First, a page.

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More people are making hardship withdrawals from their 401(k) accounts, raiding retirement funds to cover emergency medical expenses or to avoid losing a home.

Hardship withdrawals from Fidelity Investments 401(k) accounts have tripled in five yearsaccording to a report from the investment firm. The share of plan participants withdrawing money rose from 2.1% in 2018 to 6.9% in 2023.

“It’s a big problem, and it’s a growing problem,” said Kirsten Hunter Peterson, vice president of thought leadership at Fidelity.

Vanguard reports that hardship withdrawals have doubled in a four-year spanfrom a monthly rate of 2.1 transactions per 1,000 participants in 2018 to 4.3 in 2022.

Americans who tap retirement money to cover an urgent expense often act out of desperation, investment experts say. They may lack emergency savings and live on too tight a budget to risk taking out a loan.

“What we know is that people will dip into their 401(k) when they don’t have any other savings tool available to them,” Peterson said.

Yet, taking a hardship distribution from a traditional 401(k) plan is far from ideal, financial planners say.

Hardship withdrawals from a 401(k) should be a ‘last resort,’ experts say

The IRS treats the money as taxable income. You may also face an additional 10% tax penalty for making an early withdrawal from your retirement account. (The IRS publishes a handy list of exceptions to that penalty.) You aren’t allowed to repay the money, and you will miss out on the compounded interest those dollars might have earned between now and your retirement.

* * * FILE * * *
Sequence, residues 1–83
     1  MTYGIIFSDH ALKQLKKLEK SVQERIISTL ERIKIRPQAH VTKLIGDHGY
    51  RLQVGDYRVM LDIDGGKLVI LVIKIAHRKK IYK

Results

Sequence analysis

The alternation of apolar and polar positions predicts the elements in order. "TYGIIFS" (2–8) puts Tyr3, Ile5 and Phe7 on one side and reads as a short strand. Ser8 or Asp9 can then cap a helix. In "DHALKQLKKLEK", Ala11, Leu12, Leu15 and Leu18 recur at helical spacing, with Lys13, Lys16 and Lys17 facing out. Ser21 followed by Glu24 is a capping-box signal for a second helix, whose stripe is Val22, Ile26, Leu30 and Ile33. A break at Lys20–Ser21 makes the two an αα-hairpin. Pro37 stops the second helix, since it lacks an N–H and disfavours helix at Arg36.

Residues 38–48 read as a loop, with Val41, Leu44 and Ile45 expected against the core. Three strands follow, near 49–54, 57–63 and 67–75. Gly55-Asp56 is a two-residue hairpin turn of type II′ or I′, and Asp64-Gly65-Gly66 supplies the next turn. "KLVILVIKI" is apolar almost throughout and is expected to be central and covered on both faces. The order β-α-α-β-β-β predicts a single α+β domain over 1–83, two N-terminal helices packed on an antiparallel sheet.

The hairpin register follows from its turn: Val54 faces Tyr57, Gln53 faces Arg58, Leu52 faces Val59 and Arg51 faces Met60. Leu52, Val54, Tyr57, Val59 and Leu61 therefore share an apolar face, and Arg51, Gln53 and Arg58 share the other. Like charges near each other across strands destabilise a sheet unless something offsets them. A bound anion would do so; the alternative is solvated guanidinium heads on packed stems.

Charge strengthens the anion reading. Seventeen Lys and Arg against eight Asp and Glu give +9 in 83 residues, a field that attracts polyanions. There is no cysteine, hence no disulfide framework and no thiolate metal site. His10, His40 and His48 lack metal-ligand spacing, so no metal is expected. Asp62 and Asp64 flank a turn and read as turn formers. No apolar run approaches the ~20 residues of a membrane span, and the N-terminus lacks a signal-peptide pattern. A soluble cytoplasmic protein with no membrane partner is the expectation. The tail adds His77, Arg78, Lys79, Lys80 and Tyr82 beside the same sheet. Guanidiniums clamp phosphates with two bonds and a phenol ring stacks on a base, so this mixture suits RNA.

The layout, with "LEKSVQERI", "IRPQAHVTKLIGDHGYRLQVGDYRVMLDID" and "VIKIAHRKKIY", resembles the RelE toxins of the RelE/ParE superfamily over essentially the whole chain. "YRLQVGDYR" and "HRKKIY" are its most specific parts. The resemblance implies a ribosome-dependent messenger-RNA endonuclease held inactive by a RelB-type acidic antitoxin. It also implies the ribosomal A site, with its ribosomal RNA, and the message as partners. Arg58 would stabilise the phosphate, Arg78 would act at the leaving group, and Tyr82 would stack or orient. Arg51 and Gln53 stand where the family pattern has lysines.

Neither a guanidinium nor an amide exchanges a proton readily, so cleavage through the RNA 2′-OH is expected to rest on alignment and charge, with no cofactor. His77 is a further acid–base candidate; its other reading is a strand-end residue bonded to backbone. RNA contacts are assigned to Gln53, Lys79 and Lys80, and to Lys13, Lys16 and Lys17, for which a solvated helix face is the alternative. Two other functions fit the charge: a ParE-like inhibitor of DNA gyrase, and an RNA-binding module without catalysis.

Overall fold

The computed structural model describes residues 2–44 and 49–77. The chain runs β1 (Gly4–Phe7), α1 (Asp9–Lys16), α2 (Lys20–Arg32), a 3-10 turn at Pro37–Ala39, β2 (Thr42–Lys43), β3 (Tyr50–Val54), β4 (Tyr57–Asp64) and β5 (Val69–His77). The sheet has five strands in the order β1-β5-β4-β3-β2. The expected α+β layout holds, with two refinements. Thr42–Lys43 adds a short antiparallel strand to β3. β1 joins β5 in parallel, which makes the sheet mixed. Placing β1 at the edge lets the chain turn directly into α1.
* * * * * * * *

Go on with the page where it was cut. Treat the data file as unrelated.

The costs can be steep. Let’s say you have a 401(k) with a $38,000 balance, and you need $15,000 for an unexpected expense. To cover all the taxes, including the 10% penalty, you would have to withdraw a total of $23,810, leaving only $14,190 in your account, according to an example provided by Fidelity.

“We see it as a last resort,” said Andrew Fincher, a certified financial planner in Vienna, Virginia. “It’s not a great place to go.”

The rise in hardship withdrawals comes at a moment when, compared with four or five years ago, many Americans are spending more and saving less.

Workers are saving 3.9% of their disposable income as of August compared with 6.6% in August 2018, according to federal data.

Saving money is hard these days, because inflation is up. Annual inflation hit a 40-year high of 9.1% in June 2022. The annual rate eased to 3.7% in September, although that figure remains higher than the Fed’s target of 2%. Through much of the past decade, prices rose by 1% or 2% in a typical year.

The nation stockpiled savings amid the COVID-19 pandemic, an era of stay-at-home orders and federal stimulus checks that pushed the national savings rate to historic levels.

That era is over. Today, just under half of American adults have enough emergency savings to cover three months of living expenses according to a recent report from Bankrate, the personal finance site.

Hardship withdrawals are rising amid nagging inflation, steep interest rates

Experts say the rise in hardship withdrawals reflects a confluence of economic forces, including rising prices, high interest rates, and the end of the pandemic savings binge.